Production is planned to begin in 2011 with an initial run of 16,000 units that will go up to 60,000 for 2012. The all-electric Think City is only slightly larger than a Smart car. It has a range of 180 km (112 miles) and a top speed of 100 km/h (62 mph).
In an era where most automakers are shutting plants and slashing at costs, here's one automaker not afraid to make a bet on a brighter future.
That automaker is the Norwegian electric-car builder TH!NK.
Even though the company has recently undergone bankruptcy under Norwegian law and had to shut down production in that country, TH!NK has announced that it will be setting up a US plant to build the Think City car, with US sales and production set to begin in 2011, and that it is considering sites in 8 different states for the new facility.
Plans are for the plant to produce 16,000 units of the City and employ about 300 people in the first year. By 2012, TH!NK sees production at 60,000 units with 700 workers at the assembly plant.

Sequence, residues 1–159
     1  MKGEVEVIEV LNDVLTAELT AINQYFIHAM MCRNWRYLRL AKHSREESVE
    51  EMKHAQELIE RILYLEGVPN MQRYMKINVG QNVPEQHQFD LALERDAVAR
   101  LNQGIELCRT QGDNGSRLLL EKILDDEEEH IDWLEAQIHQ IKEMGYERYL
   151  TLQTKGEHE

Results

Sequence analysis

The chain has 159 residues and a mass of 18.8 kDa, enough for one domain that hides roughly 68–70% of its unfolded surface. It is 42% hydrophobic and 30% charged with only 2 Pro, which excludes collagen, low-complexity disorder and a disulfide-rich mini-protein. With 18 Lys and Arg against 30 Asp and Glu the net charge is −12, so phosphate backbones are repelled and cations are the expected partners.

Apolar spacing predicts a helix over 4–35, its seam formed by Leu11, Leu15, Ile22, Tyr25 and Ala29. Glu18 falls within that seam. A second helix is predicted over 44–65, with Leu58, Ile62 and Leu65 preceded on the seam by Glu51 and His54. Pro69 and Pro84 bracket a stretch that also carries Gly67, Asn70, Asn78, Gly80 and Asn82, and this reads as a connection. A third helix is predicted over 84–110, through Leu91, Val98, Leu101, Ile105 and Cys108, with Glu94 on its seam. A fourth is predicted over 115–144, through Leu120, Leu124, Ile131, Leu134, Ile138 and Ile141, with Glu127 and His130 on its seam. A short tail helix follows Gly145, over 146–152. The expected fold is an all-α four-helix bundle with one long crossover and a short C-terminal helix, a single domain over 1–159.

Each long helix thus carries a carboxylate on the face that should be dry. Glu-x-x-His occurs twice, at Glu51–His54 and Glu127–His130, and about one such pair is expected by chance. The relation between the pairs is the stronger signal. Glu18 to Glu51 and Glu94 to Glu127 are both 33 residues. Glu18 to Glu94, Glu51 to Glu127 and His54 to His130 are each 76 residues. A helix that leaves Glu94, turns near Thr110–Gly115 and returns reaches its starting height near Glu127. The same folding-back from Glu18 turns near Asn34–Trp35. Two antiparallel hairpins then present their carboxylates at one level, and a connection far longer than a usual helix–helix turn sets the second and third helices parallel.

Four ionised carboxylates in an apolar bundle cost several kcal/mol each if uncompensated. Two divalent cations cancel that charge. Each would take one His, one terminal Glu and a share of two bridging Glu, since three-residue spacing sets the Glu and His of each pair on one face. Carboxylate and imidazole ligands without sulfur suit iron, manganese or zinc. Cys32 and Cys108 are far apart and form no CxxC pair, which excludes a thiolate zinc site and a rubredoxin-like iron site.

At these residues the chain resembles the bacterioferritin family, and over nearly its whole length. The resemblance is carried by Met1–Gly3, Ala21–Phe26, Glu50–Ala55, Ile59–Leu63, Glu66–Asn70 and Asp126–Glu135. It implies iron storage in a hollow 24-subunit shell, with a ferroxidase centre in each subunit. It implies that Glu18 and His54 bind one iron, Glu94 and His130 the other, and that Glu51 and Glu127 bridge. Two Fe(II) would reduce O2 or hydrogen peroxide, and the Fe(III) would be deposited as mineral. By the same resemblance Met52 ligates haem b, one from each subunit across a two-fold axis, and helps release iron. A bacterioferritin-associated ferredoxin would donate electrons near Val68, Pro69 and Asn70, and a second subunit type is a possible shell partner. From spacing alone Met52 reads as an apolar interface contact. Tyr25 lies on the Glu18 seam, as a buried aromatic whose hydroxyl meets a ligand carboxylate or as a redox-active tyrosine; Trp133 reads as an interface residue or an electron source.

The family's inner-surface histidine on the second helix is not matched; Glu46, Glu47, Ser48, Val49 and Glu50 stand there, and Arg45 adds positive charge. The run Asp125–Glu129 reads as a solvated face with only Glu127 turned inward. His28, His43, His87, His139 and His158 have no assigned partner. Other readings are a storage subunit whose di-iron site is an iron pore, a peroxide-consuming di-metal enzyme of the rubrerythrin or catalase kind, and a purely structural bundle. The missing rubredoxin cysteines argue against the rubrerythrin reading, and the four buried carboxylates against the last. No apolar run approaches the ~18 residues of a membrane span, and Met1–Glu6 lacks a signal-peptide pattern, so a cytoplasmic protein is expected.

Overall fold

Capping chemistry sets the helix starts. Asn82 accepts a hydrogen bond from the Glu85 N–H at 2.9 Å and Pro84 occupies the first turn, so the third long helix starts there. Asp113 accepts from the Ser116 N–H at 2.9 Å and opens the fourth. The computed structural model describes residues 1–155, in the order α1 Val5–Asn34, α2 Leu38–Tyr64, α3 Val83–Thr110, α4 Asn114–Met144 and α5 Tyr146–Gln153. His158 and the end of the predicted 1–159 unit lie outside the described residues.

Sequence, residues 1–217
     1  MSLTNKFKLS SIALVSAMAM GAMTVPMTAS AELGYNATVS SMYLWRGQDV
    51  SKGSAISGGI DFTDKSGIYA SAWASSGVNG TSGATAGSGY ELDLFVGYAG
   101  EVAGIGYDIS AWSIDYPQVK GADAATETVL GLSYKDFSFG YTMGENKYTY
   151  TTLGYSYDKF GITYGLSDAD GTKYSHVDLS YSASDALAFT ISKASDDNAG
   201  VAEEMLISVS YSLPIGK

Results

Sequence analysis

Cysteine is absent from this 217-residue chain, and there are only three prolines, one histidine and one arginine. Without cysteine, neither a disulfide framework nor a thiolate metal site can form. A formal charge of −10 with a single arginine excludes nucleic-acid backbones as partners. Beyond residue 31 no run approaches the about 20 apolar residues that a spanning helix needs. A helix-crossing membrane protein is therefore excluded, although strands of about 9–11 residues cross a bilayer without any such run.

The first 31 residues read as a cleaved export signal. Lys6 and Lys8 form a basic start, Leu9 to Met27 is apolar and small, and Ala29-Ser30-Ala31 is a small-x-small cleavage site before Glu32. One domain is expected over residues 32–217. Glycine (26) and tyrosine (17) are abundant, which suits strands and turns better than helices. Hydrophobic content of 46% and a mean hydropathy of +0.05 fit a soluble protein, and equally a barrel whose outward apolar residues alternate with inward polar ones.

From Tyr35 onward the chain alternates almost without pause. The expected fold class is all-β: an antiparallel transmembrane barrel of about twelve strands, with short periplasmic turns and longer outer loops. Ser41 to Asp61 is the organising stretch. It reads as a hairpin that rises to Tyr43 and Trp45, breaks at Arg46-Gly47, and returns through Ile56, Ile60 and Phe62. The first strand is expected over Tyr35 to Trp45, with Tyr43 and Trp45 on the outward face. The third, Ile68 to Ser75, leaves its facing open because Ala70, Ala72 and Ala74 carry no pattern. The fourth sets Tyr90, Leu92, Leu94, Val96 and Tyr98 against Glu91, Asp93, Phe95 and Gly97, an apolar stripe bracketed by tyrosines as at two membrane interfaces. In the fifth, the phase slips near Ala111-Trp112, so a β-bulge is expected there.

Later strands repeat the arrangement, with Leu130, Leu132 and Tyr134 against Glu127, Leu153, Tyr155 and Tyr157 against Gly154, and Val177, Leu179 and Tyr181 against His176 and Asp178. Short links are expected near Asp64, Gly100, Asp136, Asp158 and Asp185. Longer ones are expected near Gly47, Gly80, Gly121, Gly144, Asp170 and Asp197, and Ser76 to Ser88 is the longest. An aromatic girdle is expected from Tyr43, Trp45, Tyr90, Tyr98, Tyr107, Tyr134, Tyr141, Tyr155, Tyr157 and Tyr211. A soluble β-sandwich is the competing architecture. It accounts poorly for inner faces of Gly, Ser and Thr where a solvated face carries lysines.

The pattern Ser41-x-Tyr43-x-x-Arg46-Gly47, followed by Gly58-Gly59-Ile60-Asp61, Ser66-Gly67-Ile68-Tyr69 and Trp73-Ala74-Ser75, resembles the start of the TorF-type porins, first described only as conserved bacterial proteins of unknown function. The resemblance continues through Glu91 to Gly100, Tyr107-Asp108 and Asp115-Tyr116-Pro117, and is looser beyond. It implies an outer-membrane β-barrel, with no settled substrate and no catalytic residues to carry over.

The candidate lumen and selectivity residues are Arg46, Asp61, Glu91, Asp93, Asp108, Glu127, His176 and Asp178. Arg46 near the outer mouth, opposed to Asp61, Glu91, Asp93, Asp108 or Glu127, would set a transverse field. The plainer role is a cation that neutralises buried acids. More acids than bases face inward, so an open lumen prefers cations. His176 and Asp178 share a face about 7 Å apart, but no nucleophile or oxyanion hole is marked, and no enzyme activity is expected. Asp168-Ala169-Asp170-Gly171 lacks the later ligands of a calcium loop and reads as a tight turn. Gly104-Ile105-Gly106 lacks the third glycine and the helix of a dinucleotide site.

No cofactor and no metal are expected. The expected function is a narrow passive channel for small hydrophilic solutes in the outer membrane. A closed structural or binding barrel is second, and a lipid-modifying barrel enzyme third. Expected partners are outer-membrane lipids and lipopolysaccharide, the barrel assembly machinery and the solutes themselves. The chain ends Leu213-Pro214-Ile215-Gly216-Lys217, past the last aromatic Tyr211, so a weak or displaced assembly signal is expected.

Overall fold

TH!NK CEO Richard Canny also said that the company would bring its City car to the US market next year to begin the process of developing the market.
The all-electric TH!NK City is only slightly larger than a Smart car and comes configured as a 2+0 (two-seater) with the option of a back seat in place of cargo space. The European version of the City has a range of about 180 km (112 miles) and a top speed of 100 km/h (62 mph). As with all electric vehicles, batteries take hours to re-charge.
The company says it plans to provide fleets sales and run pilot projects next year before they begin retail sales in 2011. TH!NK wants to sell the car for less than 20,000 US dollars but include a 90-dollar monthly lease for the batteries.
That sounds like something consumers might be skeptical about. Although, long-held skepticism of electric cars seems to have melted away rather quickly over the last year of crisis.